Politics

Activists welcome Labour crackdown on water bosses over illegal sewage dumps – but warn it's not enough

Activists have welcomed Labour's plan to put sewage spillers 'in the dock' – but warned that it is “not enough” to fix water pollution.

Sewage is only supposed to be discharged following extreme weather. Image: Jeff Buck (cc-by-sa/2.0)

Activists have welcomed Labour’s plan to put illegal sewage spillers “in the dock” – but warned that it is “not enough” to fix water pollution.

Thousands of Brits became ill after swimming in polluted water in 2023, after water firms pumped raw sewage into rivers and the sea nearly 400,000 times.

As public anger mounts, Labour’s shadow environment secretary Steve Reed has called for water bosses who preside over illegal raw sewage dumps to face personal criminal sanctions.

“The reason I want to begin personal criminal liability is because I think they should [go to court],” Reed told the i.

But the problem will require a far more broad-reaching solution, activists have urged.

“It’s great that Labour are focusing on this. And of course, any leader of a business that has acted outside the law should be subject to the full sanction of the law,” said Charles Watson, founder and chair of River Action UK.

“But what we really want to hear from Labour is a commitment that they will fund and re-empower the regulatory bodies that police the industry as a whole, and not just focus on individuals. Ultimately, it’s going to be about the money.”

In the 10 years to 2022, the Conservatives slashed funding for the Environmental Agency – one of the bodies in charge of regulating the water industry – by 56%.

In Last November’s Autumn Statement, the government cut funding for the Department of Environment; its budget allocation fell from £4.7bn in 2022/2023 to £4.1bn in 2024/2025. The EA’s budget is meted out from this total.

If it takes power in this year’s general election, Labour will be responsible for allocating departmental budgets. It has pledged to fund water improvements as part of its £28bn annual green investment promise.

However, speculation is mounting that the commitment is on the chopping block after it was excluded from a campaigning brief last week. Labour has denied that the pledge is being dropped.

Surfers against Sewage urged political parties to prioritise funding for regulators.

“We welcome polices that seek to hold those responsible to account and to stop water companies putting profit over people and planet in the future. But we need more than just policies and announcements,” said Henry Swithinbank, SAS policy manager.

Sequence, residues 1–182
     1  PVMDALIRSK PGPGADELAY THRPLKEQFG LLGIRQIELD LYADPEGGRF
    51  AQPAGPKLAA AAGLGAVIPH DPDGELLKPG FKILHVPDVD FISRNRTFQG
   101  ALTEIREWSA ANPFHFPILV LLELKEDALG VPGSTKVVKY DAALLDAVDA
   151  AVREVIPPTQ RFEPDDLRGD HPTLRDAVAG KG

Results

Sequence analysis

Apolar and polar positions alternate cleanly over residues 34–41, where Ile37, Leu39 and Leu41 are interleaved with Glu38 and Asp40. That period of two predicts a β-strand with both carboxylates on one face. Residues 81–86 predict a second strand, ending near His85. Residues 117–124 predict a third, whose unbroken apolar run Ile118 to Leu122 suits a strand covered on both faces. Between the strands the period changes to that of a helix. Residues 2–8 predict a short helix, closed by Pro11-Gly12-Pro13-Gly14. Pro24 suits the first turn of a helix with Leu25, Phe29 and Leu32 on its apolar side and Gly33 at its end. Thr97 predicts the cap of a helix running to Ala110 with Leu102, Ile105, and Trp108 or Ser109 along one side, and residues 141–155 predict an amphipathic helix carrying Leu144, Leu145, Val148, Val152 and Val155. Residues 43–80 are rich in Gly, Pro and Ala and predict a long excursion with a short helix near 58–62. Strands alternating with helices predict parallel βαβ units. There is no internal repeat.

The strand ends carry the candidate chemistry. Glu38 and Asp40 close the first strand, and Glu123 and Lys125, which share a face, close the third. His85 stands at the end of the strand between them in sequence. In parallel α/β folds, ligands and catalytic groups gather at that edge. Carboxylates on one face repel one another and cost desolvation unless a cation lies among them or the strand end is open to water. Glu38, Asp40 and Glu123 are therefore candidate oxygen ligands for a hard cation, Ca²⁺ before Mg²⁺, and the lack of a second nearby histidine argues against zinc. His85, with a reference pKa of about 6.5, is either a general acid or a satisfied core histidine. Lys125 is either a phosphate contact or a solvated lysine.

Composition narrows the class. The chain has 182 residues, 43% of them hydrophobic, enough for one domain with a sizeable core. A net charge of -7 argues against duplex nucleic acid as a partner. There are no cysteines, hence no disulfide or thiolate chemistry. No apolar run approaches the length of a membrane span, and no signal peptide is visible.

“We need regulators empowered with  the funds and resources to do their job of enforcing these polices and legislation. Without that the stench of pollution will continue.”

Why is the UK’s sewage pollution so bad?

Britain relies on plumbing infrastructure that was constructed in the 19th century. Faced with the pressure of a growing population, water companies are allowed to release sewage overflow after heavy rains.

But companies have also been known for ‘dry spills’ – illegal discharges that occur when no heavy rain has fallen. In 2021, Southern Water was fined a record £90m for disallowed discharges.

But fines haven’t prevented sewage from being pumped into rivers, lakes and seas. In the year up to October 2023, 1,924 people reported getting ill after entering the water across the UK. Some 60% of these reports came after dips in “excellent”-rated bathing waters.

Meanwhile, water bosses have awarded themselves more than £25m in bonuses and incentives over the past four years, Labour analysis shows. In addition to its personal criminal liability plan, the party has pledged to ban polluting companies from paying bosses bonuses.

For their part, the Conservatives have promised to “get tough on polluters.” The government insists that its plan for water will bring £1.6bn investment into sewage infrastructure and tighten enforcement by permitting Ofwat and the EA to levy unlimited fines.

But these bodies must be adequately funded if the rules are to be implemented, non-profit Wild Justice warned.

“Laws are no use unless they are enforced,” said co-founder Mark Avery.

“Whether it be killing birds of prey, discharging pollution into watercourses or fox hunting the laws must not just exist but they must be enforced. If Labour will move on the generic problem of feeble law enforcement that is to be welcomed and people and wildlife will benefit.”

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